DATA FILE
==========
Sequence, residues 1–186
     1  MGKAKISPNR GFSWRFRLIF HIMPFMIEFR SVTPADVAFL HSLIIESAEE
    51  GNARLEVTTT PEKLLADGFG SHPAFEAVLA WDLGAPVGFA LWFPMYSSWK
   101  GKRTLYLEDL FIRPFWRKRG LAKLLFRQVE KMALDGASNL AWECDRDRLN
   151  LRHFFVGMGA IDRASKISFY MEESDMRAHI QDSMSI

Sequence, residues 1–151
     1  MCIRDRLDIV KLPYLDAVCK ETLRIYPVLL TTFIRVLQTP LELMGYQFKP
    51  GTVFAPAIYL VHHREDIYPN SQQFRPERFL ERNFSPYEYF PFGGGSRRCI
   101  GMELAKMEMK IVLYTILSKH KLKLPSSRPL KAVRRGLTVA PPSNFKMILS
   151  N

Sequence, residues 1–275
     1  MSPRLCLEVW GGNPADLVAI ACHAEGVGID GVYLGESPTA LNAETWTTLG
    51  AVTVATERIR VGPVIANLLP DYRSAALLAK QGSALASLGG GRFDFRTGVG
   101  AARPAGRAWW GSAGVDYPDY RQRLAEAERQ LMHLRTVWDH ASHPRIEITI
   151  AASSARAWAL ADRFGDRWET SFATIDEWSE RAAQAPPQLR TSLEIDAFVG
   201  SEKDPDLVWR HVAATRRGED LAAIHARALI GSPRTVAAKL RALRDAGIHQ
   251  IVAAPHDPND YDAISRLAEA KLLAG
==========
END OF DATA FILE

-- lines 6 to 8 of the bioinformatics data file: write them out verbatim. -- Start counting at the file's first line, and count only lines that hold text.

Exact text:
Sequence, residues 1–151
     1  MCIRDRLDIV KLPYLDAVCK ETLRIYPVLL TTFIRVLQTP LELMGYQFKP
    51  GTVFAPAIYL VHHREDIYPN SQQFRPERFL ERNFSPYEYF PFGGGSRRCI